I bet we all know the exclamation of “eureka” attributed to Greek mathematician, physicist, engineer, inventor and astronomer, Archimedes. As the story goes, Archimedes was taking a bath. He noticed that the level of the water rose as he got into the tub, and realized in that great epiphany moment that the volume of water displaced by his body could, with a little mathematical maneuvering, be used to determine his body’s density. According to rest of the story, he was so excited he jumped out of the bath, and ran naked through the streets shouting “eureka,” which translated into English means, “I’ve found it!” History doesn’t seem to have any comment on his lack of clothing!
Let’s take a moment to get oriented to this spiritual season of light and life, transformation and growth. Christ’s presence in our lives and in our world is front and center. For Christians, the culmination of the 12 days of Christmas is the feast of the Epiphany celebrated on Jan. 6. This is the time when Scriptures tell us about wise men or magi from the East following a star to Jesus. This important feast celebrates the revelation of Jesus, the Word made flesh as the Son of God. It’s also celebrated as the first revelation of Jesus, our Savior and Lord, to the gentiles. The weeks following Jan. 6 are called the season after Epiphany and conclude on what we often call Transfiguration Sunday, before we begin the season of Lent on Ash Wednesday. In spiritual terms, Christ has just been born anew in our hearts and lives, and the Word made flesh is living among us. On the first Sunday after the Epiphany, which was Jan. 12 this year, we remembered the baptism of our Lord. After Jesus was baptized, the Scriptures describe the period of testing, trial, or temptation when Jesus is driven into the desert by the Holy Spirit. We might think of that period as Jesus’ own time of reflection and growth, preparing Him for His ministry to the world.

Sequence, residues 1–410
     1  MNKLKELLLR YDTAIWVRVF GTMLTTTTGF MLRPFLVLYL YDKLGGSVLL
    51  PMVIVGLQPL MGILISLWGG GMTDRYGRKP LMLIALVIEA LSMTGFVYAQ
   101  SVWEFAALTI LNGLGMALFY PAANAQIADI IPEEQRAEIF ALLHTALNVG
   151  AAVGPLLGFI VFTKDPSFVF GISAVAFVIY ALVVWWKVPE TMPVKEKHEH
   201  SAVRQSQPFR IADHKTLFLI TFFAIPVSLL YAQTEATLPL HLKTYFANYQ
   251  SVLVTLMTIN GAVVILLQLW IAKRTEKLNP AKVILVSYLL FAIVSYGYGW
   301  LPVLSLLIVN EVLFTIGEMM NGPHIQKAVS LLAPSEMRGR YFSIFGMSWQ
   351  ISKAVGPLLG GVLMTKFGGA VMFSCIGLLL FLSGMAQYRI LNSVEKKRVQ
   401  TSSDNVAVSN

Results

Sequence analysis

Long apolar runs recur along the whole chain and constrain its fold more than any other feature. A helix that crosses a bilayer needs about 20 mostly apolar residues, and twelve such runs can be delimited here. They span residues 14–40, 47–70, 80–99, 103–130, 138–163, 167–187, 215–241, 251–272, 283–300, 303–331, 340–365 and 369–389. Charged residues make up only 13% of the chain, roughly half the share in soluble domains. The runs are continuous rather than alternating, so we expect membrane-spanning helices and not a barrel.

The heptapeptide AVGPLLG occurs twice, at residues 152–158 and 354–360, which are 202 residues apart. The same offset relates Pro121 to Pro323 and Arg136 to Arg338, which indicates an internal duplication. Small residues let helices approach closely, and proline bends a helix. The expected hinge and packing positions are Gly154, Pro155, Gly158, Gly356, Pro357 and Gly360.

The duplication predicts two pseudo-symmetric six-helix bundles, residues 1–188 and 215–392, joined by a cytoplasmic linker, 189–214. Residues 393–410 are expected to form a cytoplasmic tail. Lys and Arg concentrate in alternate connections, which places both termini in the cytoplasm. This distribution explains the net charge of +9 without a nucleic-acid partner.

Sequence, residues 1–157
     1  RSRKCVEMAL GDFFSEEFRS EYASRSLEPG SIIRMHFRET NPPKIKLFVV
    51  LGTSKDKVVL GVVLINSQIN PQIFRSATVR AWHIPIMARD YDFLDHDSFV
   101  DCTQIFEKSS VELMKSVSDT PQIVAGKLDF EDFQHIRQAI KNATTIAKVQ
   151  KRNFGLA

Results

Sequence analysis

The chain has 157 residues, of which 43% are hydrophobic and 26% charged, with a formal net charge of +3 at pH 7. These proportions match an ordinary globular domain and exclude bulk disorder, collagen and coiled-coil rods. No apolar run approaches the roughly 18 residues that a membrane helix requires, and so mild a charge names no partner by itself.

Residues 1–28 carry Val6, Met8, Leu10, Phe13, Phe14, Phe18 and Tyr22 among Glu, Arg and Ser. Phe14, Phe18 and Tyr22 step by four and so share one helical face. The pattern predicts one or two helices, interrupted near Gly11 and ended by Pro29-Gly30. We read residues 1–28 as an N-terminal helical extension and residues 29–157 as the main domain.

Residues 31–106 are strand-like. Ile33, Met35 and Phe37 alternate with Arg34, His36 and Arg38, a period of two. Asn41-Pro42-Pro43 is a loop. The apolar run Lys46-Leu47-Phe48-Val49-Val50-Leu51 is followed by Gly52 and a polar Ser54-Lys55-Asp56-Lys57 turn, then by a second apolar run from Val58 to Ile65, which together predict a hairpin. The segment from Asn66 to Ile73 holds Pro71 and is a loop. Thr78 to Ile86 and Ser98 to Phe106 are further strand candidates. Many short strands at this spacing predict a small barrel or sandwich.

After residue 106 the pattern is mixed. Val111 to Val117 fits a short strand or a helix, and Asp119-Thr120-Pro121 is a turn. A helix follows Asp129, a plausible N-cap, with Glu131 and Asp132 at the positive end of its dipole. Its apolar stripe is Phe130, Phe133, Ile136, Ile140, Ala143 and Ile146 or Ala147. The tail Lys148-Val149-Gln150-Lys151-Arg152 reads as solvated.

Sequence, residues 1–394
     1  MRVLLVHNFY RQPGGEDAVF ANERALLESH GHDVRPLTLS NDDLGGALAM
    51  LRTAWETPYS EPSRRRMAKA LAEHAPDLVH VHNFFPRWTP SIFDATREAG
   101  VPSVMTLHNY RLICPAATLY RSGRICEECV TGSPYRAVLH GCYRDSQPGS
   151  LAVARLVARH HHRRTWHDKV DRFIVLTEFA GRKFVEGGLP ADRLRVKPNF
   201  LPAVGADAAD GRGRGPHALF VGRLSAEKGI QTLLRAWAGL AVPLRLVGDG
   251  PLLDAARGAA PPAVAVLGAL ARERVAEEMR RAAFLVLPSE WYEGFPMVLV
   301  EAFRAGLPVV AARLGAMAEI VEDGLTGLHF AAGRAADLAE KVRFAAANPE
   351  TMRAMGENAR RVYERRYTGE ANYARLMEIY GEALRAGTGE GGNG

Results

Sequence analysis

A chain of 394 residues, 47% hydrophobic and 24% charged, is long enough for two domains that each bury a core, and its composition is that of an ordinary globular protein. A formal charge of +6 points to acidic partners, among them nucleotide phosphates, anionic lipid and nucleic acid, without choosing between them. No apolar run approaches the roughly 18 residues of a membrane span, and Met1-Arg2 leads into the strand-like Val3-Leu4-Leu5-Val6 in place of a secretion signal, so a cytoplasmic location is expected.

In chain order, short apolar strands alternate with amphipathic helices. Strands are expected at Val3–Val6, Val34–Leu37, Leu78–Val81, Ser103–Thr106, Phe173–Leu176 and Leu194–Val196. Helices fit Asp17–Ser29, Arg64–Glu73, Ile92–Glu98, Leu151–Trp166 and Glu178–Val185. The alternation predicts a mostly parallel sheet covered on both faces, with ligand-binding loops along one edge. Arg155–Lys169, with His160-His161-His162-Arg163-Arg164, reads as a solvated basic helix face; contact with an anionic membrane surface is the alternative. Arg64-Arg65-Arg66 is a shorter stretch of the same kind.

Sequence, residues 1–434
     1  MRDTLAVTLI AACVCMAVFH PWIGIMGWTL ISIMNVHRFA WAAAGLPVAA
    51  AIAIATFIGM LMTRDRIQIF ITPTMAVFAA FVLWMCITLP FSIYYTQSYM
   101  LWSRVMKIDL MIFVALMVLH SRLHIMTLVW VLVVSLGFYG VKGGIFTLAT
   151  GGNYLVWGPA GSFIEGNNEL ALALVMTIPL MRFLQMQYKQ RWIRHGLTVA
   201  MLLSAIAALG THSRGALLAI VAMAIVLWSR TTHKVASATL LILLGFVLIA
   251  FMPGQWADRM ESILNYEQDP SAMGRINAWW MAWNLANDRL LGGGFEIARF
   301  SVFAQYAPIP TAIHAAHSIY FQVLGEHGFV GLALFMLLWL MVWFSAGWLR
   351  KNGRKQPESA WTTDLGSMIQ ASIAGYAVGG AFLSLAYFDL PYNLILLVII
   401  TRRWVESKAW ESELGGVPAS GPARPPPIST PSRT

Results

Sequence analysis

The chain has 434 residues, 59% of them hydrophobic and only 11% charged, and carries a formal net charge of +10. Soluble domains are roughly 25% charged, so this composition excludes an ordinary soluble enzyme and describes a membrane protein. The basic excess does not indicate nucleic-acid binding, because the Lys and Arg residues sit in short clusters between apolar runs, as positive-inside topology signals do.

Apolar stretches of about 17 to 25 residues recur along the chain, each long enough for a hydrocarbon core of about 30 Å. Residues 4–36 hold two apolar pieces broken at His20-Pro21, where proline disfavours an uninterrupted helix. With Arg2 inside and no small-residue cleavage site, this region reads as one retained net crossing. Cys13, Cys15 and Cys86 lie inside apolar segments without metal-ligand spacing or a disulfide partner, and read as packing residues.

In the same way, at our own baptism we are welcomed into the Body of Christ, and begin a lifetime of spiritual growth and transformation. The season after Epiphany is such a time for us. Most of us will have at least some epiphany moments in our lives. These are times when we experience new or profound insights in our spiritual lives, or our working lives. It’s as if all is suddenly clear, and our intuitive abilities are at a peak, rather like a train moving smoothly along the tracks when all the lights are at green. Yet for most of our lives, our spiritual growth is much less about peaks, or even valleys, and more about gentle slopes and gradual changes, rather than huge leaps. We’ve found Christ, and been found by Him. After the initial rush of excitement, we might imagine Archimedes finding himself a few streets away from home, surrounded by a crowd of curious onlookers, quietly muttering to himself “now what?” Our own questions for the season after Epiphany might be similar. Christ is here with us, now what?
Unlike Jesus, who spent an extended period of intense spiritual trial, most of us can take this gift of time to settle into a new routine of prayer or Bible study. We can use this season of light and growth to invite Christ to reveal His will for our lives more fully to us. We can stretch ourselves by trying a new spiritual discipline, or use our spiritual gifts more fully in some new form of service to God and our neighbors, or a different ministry. If we spend time listening, the Holy Spirit will guide us to greater depths of faith and love. If we make ourselves more available to Him, the Lord will use us in new ways this year, for our own spiritual growth, as well as the growth of the church, and the spread of God’s kingdom.
Advent shows us the surprising and unexpected ways of God. Christmas reminds us that God comes to be with us in the midst of all life’s circumstances. The point of the season after Epiphany is that we can all jump into the living water without fear, knowing that our mission and ministry as Christ’s body makes a tangible difference for good in this world. Take time to experience the depth and clarity of God’s light and life revealed in Jesus, our Lord and Savior. Eureka!
• The Rev. Susan E. Wilmot is priest-in-charge at St. James the Apostle Episcopal Church, 975 E. Warner Road, Tempe. Reach her at firstname.lastname@example.org or or at (480) 345-2686.